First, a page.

The triumph of the banal

It’s true: the vast majority of successful products are hardly remarkable.

As I walked to the Union Square market today, carrying two thermAsnap™ cooler bags, I thought about the bags. This company appears to be doing exceptionally well. They have a huge profit margin, very strong distribution in fish and ice cream stores and supermarkets, and they keep growing (hey, their website even has videos).

But the product is poorly designed. The thermAsnaps come UNsnapped all the time. The graphics are abysmal. The copy includes the helpful reminder that you shouldn’t put hot and cold items together in the same bag.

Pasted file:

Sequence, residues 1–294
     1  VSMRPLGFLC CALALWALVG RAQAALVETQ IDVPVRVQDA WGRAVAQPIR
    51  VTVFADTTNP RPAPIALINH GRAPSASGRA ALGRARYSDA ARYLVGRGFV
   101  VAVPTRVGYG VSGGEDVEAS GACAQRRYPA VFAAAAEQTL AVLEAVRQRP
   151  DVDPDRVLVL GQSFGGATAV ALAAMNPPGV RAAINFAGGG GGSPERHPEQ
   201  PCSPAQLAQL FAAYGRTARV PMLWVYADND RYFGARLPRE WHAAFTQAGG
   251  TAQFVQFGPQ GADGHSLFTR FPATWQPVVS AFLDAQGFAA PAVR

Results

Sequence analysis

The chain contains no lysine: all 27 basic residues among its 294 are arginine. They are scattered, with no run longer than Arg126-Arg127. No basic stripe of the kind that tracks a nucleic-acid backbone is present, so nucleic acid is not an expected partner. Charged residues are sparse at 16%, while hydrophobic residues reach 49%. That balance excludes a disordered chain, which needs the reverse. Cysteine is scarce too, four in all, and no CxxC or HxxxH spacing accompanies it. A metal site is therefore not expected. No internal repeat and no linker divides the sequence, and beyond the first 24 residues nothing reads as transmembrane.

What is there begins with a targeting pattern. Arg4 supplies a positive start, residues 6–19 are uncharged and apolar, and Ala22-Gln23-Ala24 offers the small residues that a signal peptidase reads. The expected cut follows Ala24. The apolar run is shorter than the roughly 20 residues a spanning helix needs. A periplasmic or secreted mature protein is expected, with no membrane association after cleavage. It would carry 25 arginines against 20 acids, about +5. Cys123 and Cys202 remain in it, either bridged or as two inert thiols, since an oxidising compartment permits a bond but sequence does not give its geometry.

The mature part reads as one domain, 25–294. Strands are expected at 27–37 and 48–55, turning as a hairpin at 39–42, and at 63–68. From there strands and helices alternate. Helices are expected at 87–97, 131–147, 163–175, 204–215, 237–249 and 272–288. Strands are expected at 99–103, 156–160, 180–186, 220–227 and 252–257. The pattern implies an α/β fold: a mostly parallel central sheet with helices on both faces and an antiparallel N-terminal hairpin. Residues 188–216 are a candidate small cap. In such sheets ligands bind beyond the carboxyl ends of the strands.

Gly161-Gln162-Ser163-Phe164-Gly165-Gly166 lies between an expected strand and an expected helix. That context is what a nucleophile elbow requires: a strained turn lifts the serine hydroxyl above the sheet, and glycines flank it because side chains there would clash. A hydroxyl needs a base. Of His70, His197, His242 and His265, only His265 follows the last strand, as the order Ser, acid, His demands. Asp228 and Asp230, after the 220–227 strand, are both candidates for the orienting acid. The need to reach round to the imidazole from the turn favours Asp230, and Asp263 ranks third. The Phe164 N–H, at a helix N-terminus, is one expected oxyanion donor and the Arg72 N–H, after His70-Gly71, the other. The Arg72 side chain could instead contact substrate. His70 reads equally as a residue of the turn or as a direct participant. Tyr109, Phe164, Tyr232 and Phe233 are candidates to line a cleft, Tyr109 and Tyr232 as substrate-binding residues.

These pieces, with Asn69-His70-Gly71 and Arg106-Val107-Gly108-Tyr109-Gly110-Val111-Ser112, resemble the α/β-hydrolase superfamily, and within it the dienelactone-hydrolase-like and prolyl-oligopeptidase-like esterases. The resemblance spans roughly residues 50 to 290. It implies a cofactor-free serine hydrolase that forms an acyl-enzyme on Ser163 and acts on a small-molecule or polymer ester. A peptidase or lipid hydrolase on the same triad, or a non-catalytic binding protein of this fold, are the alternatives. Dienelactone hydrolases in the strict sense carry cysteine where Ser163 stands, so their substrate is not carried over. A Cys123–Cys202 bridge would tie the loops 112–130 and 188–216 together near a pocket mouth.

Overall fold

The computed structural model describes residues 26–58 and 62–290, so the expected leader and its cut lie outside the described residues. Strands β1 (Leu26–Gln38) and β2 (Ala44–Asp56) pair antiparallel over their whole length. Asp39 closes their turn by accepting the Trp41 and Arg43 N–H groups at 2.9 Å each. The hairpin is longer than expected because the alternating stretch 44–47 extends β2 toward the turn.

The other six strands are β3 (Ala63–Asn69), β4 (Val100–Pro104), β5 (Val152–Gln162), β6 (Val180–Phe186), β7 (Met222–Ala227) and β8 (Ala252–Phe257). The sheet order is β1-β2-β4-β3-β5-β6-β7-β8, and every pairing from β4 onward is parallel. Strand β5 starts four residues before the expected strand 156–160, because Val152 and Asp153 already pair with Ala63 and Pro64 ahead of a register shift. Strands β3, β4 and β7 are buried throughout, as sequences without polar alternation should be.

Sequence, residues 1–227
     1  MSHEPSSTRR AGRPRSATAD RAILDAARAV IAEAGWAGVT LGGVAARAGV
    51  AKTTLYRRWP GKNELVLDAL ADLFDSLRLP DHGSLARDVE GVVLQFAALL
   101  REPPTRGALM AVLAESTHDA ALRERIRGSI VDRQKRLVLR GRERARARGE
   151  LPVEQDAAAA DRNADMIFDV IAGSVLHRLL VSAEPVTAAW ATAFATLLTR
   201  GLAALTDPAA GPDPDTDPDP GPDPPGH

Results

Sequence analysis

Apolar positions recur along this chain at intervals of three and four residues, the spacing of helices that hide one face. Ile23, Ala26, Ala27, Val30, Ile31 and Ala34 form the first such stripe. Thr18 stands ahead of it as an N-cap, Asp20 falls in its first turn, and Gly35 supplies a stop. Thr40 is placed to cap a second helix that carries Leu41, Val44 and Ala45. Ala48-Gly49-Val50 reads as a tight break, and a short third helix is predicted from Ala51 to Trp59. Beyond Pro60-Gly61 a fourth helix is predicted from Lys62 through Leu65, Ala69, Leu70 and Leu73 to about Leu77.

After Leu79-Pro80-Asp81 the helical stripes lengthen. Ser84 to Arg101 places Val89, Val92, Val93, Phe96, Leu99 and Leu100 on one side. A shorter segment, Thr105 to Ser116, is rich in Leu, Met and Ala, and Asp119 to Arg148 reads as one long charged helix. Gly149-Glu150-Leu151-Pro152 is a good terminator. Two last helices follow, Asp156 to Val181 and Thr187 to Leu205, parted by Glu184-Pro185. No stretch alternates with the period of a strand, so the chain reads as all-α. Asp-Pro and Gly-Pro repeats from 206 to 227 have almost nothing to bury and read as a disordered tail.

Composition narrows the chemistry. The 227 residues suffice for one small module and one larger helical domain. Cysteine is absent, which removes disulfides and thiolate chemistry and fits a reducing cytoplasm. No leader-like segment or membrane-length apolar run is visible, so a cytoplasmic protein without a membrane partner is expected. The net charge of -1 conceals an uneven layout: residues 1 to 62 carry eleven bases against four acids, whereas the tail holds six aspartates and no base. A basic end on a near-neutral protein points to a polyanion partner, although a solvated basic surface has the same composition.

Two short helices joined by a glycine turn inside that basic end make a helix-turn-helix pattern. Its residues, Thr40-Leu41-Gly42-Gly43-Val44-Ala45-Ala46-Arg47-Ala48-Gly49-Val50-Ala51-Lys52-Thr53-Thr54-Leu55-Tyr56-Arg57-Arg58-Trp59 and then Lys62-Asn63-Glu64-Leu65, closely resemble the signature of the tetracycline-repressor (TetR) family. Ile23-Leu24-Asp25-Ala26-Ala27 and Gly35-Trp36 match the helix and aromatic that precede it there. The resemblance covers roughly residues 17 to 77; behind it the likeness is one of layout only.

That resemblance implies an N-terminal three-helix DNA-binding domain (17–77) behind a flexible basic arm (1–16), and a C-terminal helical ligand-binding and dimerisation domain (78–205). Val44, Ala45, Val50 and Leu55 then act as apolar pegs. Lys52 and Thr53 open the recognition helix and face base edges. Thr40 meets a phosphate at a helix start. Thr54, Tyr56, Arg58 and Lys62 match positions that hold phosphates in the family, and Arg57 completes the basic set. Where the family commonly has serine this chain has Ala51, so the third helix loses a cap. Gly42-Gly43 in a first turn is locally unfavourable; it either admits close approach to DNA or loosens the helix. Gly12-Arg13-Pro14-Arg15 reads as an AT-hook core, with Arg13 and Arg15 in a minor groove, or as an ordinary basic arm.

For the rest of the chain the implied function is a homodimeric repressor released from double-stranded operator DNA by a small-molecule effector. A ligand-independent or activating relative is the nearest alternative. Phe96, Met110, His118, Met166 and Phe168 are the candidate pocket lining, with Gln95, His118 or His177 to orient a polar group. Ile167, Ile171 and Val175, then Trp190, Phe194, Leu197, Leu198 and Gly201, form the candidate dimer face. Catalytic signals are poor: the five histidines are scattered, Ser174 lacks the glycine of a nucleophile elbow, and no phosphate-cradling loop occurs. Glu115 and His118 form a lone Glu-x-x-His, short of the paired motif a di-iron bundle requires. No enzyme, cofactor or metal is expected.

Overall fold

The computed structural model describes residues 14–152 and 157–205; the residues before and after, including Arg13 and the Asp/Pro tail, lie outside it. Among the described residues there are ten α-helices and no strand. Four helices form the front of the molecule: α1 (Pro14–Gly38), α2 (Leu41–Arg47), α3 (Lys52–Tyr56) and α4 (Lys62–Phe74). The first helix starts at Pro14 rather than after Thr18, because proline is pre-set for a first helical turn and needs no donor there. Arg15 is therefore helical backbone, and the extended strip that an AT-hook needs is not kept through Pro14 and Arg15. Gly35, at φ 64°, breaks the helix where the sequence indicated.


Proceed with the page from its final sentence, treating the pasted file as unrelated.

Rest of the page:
It doesn’t matter. Not one bit. They’re still doing great.

The lesson? I think that there are two. The first is that setting out to win in an overlooked market by sewing up distribution and eliminating reasons for your distributors to switch is a fine plan when it works. And the second is that there are plenty of markets where competition is thin and becoming a slave to fashion not only isn’t necessary, it’s not even a good idea. You don’t always have to show up on the "what’s hot" list to be successful.

Remember, too, not to put your hot and cold items in the same bag at the same time, please.